Struggling to get used to it, I was very much missing the minimize/maximize buttons on my applications in GNOME 3.
I have finally found a solution to get these buttons back and if you are looking for a solution, this should work for you too:
- $ sudo yum -y install gnome-tweak-tool
- $ gnome-tweak-tool
- Click on Shell
- Change Arrangement of buttons on the title bar from Close only to All
- Log out or Restart
- Log in
This is a simple little script which I wrote to download multiple parts of some weekly newspapers and then merge them all up into one PDF file. I have no idea why they post these broken up into many pieces instead of just one and it’s a pain to close and open multiple files just to read the paper.
To use this script, you must know the exact filenames of the PDFs you want to download and you need pdfmerge, installable with yum ($ sudo yum install pdfmerge) from the updates repo.
Categories: All, Linux
append, automation, bind, binder, combine, download, free, join, merge, merger, opensource, pdf, pdfmerge, wget
CloudFlare has a cool feature whereby you can force visitors to enter a captcha code prior to entering your site. This is particularly useful if you are receiving an uncontrollable amount of spam from a country which is geographically of little or no interest to you. Although I have no need for this functionality myself, I like how CloudFlare themselves are maintaining their own ip-to-country lists and are extending this control via a simple interface.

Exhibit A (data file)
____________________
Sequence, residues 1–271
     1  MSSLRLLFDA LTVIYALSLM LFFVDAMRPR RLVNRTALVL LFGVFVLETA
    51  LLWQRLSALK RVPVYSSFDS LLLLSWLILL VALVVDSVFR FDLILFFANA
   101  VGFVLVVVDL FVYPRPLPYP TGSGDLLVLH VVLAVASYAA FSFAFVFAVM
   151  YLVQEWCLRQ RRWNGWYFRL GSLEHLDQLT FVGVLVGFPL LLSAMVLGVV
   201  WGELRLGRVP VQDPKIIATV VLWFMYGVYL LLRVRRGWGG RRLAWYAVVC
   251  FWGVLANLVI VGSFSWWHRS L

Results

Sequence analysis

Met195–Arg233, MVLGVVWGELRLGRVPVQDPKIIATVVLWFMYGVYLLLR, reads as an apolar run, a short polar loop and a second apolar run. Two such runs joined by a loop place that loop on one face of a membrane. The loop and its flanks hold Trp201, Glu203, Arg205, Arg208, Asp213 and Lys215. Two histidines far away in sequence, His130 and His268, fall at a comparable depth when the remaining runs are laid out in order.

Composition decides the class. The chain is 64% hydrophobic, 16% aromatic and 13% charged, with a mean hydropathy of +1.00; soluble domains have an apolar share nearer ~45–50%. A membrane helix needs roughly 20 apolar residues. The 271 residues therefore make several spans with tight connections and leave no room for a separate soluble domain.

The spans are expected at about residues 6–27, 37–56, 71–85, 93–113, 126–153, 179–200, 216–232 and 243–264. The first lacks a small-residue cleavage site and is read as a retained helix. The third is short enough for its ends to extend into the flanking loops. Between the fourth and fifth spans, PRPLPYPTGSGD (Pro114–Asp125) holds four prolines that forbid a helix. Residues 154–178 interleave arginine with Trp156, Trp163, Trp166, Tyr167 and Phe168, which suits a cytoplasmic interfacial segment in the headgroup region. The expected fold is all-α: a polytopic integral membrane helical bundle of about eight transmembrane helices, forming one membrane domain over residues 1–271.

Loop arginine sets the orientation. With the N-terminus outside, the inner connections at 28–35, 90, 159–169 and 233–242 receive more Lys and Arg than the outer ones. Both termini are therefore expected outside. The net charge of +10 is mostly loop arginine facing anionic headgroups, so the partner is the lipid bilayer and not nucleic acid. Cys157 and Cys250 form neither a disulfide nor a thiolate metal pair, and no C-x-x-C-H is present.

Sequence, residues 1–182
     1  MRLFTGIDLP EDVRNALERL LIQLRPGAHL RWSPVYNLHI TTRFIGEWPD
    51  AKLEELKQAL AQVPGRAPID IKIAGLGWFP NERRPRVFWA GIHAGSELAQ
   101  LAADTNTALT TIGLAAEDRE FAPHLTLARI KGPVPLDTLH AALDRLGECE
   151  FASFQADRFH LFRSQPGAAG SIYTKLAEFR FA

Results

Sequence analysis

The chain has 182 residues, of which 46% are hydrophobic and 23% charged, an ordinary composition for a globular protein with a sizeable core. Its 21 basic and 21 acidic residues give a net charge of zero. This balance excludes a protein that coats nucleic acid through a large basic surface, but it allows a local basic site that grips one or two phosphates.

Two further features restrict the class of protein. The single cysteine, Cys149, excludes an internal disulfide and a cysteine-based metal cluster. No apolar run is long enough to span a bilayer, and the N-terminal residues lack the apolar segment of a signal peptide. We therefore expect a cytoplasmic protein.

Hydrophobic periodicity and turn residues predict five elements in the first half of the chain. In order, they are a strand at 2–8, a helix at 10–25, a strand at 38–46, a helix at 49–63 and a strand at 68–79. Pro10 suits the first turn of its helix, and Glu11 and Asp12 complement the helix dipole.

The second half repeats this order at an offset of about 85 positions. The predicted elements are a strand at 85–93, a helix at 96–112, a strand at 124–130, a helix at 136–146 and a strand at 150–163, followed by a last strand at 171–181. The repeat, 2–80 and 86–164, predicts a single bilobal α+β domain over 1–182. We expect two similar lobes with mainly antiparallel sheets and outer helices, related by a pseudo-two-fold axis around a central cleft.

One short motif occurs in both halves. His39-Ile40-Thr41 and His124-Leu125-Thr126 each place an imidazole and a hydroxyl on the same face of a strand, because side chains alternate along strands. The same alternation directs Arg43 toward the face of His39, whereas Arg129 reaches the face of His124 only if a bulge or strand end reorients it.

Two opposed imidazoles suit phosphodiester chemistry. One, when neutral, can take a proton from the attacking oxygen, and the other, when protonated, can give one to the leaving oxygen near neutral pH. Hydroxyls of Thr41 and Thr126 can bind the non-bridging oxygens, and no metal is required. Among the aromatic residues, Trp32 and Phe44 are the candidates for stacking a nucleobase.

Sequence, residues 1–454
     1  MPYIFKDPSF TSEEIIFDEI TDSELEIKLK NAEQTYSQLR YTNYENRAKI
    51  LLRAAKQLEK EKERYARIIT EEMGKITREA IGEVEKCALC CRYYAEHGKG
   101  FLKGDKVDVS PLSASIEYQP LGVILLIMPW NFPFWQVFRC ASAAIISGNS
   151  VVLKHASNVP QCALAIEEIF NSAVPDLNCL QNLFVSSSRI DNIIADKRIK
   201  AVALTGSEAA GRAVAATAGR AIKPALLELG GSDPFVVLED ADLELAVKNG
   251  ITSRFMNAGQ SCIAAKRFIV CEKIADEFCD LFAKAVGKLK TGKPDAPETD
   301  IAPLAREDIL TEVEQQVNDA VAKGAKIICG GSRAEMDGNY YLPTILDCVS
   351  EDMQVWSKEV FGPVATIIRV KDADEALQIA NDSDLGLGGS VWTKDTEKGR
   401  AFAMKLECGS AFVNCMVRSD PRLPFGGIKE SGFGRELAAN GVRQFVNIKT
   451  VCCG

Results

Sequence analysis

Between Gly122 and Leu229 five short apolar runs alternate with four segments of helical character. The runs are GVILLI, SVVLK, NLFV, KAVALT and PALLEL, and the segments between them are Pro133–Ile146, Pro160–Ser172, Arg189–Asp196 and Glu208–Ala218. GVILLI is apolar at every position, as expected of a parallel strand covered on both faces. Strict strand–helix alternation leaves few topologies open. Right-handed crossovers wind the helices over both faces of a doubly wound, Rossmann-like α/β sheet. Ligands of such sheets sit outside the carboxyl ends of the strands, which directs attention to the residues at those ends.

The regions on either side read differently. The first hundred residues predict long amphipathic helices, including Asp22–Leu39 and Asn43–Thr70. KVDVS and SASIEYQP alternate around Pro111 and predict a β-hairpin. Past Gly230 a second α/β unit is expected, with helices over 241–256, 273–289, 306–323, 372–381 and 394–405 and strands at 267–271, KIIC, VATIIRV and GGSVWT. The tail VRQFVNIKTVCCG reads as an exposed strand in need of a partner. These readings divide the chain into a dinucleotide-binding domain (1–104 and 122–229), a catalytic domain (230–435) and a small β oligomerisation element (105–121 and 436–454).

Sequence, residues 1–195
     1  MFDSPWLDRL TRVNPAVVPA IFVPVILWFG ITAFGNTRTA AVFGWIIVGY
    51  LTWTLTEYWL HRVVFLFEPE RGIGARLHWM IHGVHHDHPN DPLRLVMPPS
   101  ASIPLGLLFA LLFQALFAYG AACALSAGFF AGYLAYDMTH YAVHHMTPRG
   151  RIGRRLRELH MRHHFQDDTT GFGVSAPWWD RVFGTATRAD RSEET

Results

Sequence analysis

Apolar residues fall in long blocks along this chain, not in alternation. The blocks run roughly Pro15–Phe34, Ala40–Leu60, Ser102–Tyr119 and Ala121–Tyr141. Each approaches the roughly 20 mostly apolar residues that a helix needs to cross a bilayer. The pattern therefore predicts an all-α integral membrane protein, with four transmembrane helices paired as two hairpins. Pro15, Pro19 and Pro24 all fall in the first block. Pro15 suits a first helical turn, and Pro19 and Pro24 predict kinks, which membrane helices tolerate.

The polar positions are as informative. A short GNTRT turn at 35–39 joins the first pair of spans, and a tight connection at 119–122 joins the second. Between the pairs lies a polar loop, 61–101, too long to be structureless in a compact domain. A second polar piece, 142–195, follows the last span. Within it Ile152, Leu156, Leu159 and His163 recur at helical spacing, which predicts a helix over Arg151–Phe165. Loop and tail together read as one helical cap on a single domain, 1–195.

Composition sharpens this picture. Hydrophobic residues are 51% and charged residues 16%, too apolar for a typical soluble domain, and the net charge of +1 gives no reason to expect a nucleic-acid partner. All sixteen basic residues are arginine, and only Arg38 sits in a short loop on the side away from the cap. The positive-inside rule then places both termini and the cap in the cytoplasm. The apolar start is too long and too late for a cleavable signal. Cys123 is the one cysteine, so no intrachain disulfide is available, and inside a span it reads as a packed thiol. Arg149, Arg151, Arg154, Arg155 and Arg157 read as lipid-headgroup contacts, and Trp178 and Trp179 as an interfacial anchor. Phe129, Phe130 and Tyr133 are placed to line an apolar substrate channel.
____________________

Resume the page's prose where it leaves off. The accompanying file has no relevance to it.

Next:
What I would personally have liked to see is the option to totally deny access rather than offer the captcha. This way, if you were doing something like this with say, apache, you would no longer need to worry about updating and maintaining ip-to-country lists of your own.
I do not and have no intention to block any country from my sites, but still, it would be a nice additional feature to have available.
I’ve added a small drop down in the right sidebar of this blog with some quick links to various online media which is available in Cyprus, primarily some radio stations and newspapers. It isn’t complete and is a work in progress.
Feel free to suggest new links via the contact page.
- Go into Settings.
- Then Wireless and networks.
- Then Mobile networks (Set options for roaming, networks, APNs).
- Then Access Point Names
If you already have an entry there for CyTA, then select it to edit it, otherwise add a new APN. Now, just make sure everything matches these settings:
- Name: whatever_you_want
- APN: internet
- Proxy: <Not set>
- Port: <Not set>
- Username: <Not set>
- Password: <Not set>
- Server: <Not set>
- MMSC: <Not set>
- MMS proxy: <Not set>
- MMS port: <Not set>
- MMS protocol: WAP 2.0
- MCC: 280
- MNC: 01
- Authentication type: <Not set>
- APN type: <Not set>
Save, exit and enable 3G.